Current economic and social conditions—growing income disparity, battles over immigration, corporate titans’ sway over political affairs—have led many contemporary critics to point out correspondences between the United States of the past two decades and the nation of the late nineteenth century’s Gilded Age. For optimists pursuing a similar analogy, the recent election of a community organizer as president, his push for health-care reform, and this summer’s minimum-wage hike recall the Progressive response to Gilded Age industrial capitalism. Cecelia Tichi trenchantly summarizes such comparisons at the beginning and end of Civic Passions. In between, her brisk profiles of seven lesser-known reformers offer more detailed continuities, reminding readers that the legacies of century-old struggles are woven deeply into the fabric of life today.
The Progressive Era, historically speaking, was short-lived. Unionization, railroad regulation, antitrust legislation, settlement houses, and other reform movements gained traction during the 1880s and ’90s but were largely superseded by President Wilson’s decision to intervene in World War I. Yet during this brief period, muckraking journalists like Ida Tarbell and civic-minded activists, often in partnership with politicians like Wisconsin governor (and later US senator) Bob La Follette, advocated for the rights of children, workers, and the disabled, demanded safety regulations for the workplace and the food supply, and indicted race- and gender-based discrimination, ushering in legislative and judicial victories. Dr. Alice Hamilton’s “shoe-leather epidemiology” led to the amelioration of dangerous conditions in factories, while Florence Kelley agitated for eight-hour workdays on behalf of industrial workers. Labor economist and professor John R. Commons advised La Follette and fostered a generation of forward-thinking students, including New Deal Social Security architect Edwin Witte. Julia Lathrop worked on behalf of children and the disabled and was appointed head of the Department of Commerce’s Children’s Bureau in 1912, while Louis D. Brandeis, before his Supreme Court appointment in 1916, worked pro bono on lawsuits filed against perfidious gas, railway, and insurance companies. Ida B. Wells-Barnett campaigned against lynching and mob violence, and Walter Rauschenbusch preached the Social Gospel, encouraging Christians to work for social as well as individual salvation.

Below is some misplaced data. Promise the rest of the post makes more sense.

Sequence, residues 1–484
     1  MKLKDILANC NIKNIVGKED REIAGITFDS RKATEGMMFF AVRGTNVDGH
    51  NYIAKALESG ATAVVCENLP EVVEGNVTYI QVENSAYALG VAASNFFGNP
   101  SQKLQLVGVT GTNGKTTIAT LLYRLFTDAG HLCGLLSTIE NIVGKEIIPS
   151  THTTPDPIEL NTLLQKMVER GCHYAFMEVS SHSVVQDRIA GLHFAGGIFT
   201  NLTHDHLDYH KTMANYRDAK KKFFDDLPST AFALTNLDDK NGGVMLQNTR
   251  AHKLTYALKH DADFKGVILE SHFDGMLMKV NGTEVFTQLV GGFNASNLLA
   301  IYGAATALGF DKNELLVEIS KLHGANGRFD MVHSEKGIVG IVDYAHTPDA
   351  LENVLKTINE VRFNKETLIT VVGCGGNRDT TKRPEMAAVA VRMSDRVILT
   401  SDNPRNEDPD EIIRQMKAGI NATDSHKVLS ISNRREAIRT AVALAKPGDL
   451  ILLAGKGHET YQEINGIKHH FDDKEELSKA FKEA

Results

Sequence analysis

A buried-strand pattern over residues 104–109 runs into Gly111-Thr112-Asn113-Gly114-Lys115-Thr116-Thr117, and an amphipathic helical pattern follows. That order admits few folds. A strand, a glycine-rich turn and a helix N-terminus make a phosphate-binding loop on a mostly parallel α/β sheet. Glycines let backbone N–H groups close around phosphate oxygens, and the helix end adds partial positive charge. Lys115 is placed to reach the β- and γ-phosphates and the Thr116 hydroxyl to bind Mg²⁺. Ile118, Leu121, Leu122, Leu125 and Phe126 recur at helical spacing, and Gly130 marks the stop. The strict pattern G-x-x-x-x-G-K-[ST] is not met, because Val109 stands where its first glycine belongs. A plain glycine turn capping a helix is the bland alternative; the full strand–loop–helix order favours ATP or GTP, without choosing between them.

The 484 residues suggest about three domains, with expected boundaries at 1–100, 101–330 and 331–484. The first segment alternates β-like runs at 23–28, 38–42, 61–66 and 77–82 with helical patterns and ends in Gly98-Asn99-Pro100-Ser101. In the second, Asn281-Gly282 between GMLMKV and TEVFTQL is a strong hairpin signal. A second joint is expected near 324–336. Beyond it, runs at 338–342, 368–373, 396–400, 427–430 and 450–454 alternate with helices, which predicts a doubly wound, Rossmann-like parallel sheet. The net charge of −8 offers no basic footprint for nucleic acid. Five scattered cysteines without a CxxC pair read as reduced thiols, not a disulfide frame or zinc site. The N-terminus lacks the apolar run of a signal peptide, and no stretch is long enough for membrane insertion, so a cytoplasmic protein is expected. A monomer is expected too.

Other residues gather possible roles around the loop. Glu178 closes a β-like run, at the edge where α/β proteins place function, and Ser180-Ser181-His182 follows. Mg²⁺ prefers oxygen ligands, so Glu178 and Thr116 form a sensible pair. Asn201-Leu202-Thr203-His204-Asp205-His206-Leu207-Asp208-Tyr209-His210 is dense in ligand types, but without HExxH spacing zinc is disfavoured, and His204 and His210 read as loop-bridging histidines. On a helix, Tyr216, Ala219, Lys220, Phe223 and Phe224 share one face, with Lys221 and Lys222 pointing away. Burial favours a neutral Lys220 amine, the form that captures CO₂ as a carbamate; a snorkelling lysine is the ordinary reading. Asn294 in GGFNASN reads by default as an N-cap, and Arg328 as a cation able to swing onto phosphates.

Tichi’s writing is always clear, and she invests Civic Passions with narrative brio. Each chapter opens with a dramatic account of the circumstances leading to a pivotal moment in a reformer’s career, then backs up to fill in salient details before explaining the subject’s triumph. This repetition—and the thickets of rhetorical questions throughout the book—can be wearying, but the structure highlights connections between visionaries, such as the influence on Kelley, Hamilton, and Lathrop of Jane Addams’s Hull House, and on Rauschenbusch and Commons of Henry George’s 1879 book Progress and Poverty. Despite their varied professions and the disparate causes they promoted, Tichi’s seven figures were united by a distinct set of tactics: a dedication to empirical research, a disinterested rhetoric, the use of mass media to sway public opinion, and, above all, an unyielding tenacity. Though there are as many contrasts as similarities between the Progressive Era and our own time, these qualities are the “lessons” Tichi hopes today’s progressives, to whom she dedicates this book, will take to heart.